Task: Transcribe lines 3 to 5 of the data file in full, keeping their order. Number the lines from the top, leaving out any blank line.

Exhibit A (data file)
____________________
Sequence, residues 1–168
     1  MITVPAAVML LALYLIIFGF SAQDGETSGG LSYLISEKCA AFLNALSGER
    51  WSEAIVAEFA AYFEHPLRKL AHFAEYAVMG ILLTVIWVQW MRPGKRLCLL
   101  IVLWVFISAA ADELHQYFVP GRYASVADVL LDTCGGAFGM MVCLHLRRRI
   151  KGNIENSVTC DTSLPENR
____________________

    51  WSEAIVAEFA AYFEHPLRKL AHFAEYAVMG ILLTVIWVQW MRPGKRLCLL
   101  IVLWVFISAA ADELHQYFVP GRYASVADVL LDTCGGAFGM MVCLHLRRRI
   151  KGNIENSVTC DTSLPENR